Tuesday, November 13, 2007


Sunday was another day of good food and family (G's not mine). It was his brother's birthday and the coconut and mandarin cake was adorned with a pirate's hat, a treasure chest, a skull with an eye-patch, a parrot, a knife and a sailing ship. They were novelty candles as G's brother, X, has a thing for pirates. They were cute but I want the sparkler-candles for my birthday cake when the time comes (relevant readers, please take note).

Dinner was at Mino, where there are 2 offerings of mini-kaiseki of 5 courses each. Although technically 5 courses, the yummy entrees consisted for 4 items, and the dessert consisted of 2 items plus little fruit pieces. So it was quite a spread of little portions, aesthetically presented as expected in a Japanese restaurant on Japanese-style ceramics, I especially like the cups they served the beer in, as they were actually more like tea cups than beer glasses.

My favourite was the entrees, I traded the prawn spring roll (seen on the left, cut in half) for G's duck wrapped in asparagus tempura. I think I got the better end of the deal.

The only disappointment was the main course. Perhaps it was the choice I had made - the Japanese-style beef steak in sesame sauce. The beef had a smell, not unlike the smell I often complain about pork purchased from non-Asian butchers. It is rather inexplicable, but to Asian noses, it's just this SMELL which is rather offensive and mars the entire eating experience. The paranoia of the "smell" is enough to make me very wary about eating pork in Sydney. Strangely enough, at Don Don, the other Japanese restaurant we like to patronise which is chock-a-block with customers, just across the road from my flat, I also had a pork katsu-don some months ago, with the offensive smell. I think I would have definitely fared better at Mino if I had stuck to eel or salmon.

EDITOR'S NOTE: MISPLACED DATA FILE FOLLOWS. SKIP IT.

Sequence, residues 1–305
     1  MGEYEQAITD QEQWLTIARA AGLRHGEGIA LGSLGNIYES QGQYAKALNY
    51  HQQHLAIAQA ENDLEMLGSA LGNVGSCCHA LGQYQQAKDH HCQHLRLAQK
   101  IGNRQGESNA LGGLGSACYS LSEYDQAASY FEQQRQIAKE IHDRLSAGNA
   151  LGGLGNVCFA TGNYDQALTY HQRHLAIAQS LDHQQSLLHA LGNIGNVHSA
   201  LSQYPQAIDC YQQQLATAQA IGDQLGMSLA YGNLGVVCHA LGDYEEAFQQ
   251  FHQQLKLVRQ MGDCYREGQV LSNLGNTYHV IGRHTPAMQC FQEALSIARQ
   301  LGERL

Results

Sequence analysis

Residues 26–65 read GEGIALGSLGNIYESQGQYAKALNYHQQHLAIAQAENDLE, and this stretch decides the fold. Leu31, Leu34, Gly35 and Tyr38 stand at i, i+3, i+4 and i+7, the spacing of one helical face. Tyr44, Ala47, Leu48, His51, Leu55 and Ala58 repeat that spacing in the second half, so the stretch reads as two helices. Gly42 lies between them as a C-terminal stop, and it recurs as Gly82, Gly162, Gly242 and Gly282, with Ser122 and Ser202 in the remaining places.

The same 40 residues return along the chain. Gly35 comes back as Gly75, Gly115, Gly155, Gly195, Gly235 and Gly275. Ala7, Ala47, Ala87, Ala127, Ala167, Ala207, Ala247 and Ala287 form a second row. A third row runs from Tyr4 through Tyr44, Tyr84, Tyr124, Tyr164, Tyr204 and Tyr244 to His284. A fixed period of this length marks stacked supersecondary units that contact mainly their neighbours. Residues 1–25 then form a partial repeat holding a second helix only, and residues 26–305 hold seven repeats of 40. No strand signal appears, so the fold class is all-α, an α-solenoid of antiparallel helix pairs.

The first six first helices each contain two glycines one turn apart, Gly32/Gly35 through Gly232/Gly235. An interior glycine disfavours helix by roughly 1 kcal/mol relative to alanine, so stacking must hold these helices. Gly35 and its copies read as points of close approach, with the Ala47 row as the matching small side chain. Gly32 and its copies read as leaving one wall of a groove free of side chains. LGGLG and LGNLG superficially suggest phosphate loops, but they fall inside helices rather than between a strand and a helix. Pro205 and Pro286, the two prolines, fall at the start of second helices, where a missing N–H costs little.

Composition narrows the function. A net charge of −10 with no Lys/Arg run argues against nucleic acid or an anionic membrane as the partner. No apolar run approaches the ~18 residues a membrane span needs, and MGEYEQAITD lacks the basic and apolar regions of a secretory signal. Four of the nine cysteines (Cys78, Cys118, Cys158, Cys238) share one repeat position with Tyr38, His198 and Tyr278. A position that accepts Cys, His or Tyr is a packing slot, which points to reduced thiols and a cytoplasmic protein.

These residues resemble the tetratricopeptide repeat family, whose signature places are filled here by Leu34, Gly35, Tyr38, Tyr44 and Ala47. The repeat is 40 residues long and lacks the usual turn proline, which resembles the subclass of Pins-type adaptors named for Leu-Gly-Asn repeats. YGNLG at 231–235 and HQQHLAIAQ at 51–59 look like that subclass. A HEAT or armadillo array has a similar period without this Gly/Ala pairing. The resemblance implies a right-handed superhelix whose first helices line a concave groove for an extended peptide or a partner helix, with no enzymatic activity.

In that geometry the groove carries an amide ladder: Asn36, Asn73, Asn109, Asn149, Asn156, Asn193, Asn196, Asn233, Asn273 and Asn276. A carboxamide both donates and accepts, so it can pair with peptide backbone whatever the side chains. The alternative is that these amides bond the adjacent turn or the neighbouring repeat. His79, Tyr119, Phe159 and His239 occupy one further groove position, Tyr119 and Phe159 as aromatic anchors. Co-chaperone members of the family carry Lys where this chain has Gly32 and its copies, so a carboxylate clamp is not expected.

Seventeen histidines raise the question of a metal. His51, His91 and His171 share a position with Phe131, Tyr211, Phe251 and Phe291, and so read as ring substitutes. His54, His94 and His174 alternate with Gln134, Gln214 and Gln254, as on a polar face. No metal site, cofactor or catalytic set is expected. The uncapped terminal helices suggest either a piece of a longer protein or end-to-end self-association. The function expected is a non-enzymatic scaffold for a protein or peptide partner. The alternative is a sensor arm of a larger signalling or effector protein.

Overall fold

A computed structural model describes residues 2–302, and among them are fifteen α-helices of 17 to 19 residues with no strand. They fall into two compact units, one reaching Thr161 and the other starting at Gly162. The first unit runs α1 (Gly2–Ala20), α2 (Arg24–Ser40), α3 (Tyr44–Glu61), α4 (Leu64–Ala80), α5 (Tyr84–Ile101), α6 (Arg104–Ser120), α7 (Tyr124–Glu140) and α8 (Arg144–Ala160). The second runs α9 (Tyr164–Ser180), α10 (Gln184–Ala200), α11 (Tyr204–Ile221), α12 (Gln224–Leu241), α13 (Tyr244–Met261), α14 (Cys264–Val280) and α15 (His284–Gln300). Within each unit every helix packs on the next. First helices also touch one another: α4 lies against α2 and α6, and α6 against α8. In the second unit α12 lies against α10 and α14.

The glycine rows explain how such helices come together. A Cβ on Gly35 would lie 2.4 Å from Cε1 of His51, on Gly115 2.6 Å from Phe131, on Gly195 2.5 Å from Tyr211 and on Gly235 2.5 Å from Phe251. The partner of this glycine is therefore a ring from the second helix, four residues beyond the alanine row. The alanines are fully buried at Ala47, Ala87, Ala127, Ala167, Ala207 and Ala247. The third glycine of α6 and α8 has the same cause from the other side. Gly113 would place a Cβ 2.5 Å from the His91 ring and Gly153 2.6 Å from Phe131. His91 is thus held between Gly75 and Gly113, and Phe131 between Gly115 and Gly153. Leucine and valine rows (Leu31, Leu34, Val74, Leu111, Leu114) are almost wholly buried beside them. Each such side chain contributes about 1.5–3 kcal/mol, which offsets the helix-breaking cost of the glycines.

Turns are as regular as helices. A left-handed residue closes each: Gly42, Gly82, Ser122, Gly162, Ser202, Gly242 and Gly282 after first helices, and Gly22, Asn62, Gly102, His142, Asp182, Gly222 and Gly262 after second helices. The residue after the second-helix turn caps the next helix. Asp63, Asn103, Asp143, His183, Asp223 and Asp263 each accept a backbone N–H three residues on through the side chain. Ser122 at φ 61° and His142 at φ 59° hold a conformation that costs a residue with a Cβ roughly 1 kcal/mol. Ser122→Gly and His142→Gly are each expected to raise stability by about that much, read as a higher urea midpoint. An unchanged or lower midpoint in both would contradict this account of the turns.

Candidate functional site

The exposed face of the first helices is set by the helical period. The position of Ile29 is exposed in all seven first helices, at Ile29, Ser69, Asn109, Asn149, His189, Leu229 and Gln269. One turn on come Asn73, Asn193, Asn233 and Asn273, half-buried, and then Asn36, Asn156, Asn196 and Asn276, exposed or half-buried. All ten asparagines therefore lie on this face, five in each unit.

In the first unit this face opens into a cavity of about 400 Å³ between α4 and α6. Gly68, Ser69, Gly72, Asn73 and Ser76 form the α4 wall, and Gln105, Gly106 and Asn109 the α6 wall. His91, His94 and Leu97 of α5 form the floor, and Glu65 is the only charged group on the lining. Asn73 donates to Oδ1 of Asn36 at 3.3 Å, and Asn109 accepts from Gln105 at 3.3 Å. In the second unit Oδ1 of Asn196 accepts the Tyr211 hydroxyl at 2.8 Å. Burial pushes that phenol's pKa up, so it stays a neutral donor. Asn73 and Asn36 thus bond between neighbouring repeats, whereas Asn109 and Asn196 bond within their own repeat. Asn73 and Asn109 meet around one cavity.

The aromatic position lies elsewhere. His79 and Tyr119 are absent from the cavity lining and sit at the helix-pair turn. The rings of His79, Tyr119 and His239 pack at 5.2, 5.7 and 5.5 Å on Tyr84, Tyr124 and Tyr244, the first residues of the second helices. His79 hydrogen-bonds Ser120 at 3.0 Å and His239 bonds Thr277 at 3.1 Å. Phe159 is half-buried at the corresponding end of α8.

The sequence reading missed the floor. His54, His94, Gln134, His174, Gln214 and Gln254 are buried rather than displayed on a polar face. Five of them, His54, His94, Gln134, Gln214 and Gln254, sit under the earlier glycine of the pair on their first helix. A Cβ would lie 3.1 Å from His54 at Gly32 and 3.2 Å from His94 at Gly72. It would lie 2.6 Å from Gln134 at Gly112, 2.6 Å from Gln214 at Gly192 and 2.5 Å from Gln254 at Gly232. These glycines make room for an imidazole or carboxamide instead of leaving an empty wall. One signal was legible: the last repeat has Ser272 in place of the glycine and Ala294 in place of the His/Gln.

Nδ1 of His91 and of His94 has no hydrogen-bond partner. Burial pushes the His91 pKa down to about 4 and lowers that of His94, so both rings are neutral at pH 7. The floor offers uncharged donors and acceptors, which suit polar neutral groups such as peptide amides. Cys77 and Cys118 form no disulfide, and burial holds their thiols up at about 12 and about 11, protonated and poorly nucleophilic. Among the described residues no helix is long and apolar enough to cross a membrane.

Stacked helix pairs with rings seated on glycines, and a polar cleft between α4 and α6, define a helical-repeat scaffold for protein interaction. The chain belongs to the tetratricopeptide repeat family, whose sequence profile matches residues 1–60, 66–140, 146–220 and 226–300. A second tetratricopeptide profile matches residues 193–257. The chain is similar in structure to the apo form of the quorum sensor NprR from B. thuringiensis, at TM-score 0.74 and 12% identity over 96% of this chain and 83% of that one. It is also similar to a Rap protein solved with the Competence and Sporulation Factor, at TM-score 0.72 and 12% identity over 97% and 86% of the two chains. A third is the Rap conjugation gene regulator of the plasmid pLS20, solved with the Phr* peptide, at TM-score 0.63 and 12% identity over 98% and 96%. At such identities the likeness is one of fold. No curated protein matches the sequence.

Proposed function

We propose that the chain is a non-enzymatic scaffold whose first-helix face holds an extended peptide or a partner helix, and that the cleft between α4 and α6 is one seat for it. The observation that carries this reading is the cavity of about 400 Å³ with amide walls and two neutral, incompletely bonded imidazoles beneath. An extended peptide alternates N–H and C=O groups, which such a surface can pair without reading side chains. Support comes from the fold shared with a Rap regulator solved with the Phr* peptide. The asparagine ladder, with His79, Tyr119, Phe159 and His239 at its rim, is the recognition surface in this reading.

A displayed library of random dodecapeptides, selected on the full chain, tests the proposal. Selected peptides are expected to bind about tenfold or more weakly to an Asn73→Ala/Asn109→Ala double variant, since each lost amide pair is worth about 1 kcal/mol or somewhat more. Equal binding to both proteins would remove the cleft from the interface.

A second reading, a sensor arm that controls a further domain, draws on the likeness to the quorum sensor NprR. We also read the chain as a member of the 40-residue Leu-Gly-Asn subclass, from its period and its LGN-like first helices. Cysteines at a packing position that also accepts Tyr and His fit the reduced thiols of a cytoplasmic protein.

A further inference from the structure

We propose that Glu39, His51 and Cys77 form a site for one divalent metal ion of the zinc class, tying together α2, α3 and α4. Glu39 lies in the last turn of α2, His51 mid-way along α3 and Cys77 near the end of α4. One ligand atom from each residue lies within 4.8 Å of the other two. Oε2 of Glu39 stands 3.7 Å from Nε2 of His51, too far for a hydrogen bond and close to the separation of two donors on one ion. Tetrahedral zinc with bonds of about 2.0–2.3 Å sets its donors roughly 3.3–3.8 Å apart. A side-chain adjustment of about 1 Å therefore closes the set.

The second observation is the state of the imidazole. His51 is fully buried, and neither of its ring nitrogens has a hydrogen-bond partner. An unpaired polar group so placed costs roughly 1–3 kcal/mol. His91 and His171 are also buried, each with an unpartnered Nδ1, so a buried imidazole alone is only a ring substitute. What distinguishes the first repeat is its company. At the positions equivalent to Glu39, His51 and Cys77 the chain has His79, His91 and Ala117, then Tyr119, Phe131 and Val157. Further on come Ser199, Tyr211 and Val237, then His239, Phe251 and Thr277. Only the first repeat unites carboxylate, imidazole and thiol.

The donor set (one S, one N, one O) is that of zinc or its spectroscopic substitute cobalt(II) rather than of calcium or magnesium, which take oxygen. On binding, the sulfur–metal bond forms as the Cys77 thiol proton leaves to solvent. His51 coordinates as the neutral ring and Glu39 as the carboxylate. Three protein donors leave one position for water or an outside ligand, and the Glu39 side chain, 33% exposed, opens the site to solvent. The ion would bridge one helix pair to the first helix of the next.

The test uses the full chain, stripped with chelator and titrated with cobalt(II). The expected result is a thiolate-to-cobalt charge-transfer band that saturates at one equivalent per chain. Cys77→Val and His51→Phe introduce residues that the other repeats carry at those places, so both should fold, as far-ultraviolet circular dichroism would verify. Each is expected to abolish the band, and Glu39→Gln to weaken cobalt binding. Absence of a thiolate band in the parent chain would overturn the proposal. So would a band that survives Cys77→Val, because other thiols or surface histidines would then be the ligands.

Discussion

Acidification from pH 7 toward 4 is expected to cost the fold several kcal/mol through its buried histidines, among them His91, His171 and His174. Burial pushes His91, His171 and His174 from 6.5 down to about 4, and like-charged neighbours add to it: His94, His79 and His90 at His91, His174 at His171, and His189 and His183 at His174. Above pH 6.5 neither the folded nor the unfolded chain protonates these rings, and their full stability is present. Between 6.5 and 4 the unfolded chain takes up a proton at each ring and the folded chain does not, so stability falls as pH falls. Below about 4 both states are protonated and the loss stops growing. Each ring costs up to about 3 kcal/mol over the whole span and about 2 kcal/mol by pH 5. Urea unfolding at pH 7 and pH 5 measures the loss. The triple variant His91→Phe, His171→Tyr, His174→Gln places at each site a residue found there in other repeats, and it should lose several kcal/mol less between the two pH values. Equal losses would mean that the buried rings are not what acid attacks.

The dessert redeemed the main course for me. It consisted of matcha ice-cream, one of my favourite flavours, except it wasn't quite bitter enough, which would have been perfect, a few small morsels of fruit and 2 little pieces of coffee-flavoured chocolate, coated in a powder, which might have been finely-ground sesame or peanut. It was a good end to a lovely dinner.

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